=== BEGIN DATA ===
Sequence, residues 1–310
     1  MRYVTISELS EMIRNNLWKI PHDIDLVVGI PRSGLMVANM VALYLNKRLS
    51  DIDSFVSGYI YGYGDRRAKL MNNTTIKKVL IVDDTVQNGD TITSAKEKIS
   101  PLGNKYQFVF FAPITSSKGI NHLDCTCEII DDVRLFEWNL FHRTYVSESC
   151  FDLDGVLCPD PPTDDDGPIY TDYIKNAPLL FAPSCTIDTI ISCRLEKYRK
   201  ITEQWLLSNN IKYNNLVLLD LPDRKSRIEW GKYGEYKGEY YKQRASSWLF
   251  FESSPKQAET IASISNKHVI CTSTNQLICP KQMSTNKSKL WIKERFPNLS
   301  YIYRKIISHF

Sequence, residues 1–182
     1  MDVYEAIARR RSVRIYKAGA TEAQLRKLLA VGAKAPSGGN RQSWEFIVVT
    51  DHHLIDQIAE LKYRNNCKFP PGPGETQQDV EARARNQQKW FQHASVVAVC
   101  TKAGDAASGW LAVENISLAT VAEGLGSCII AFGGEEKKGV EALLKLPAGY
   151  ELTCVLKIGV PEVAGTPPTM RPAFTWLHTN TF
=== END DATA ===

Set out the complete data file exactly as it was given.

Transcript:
Sequence, residues 1–310
     1  MRYVTISELS EMIRNNLWKI PHDIDLVVGI PRSGLMVANM VALYLNKRLS
    51  DIDSFVSGYI YGYGDRRAKL MNNTTIKKVL IVDDTVQNGD TITSAKEKIS
   101  PLGNKYQFVF FAPITSSKGI NHLDCTCEII DDVRLFEWNL FHRTYVSESC
   151  FDLDGVLCPD PPTDDDGPIY TDYIKNAPLL FAPSCTIDTI ISCRLEKYRK
   201  ITEQWLLSNN IKYNNLVLLD LPDRKSRIEW GKYGEYKGEY YKQRASSWLF
   251  FESSPKQAET IASISNKHVI CTSTNQLICP KQMSTNKSKL WIKERFPNLS
   301  YIYRKIISHF

Sequence, residues 1–182
     1  MDVYEAIARR RSVRIYKAGA TEAQLRKLLA VGAKAPSGGN RQSWEFIVVT
    51  DHHLIDQIAE LKYRNNCKFP PGPGETQQDV EARARNQQKW FQHASVVAVC
   101  TKAGDAASGW LAVENISLAT VAEGLGSCII AFGGEEKKGV EALLKLPAGY
   151  ELTCVLKIGV PEVAGTPPTM RPAFTWLHTN TF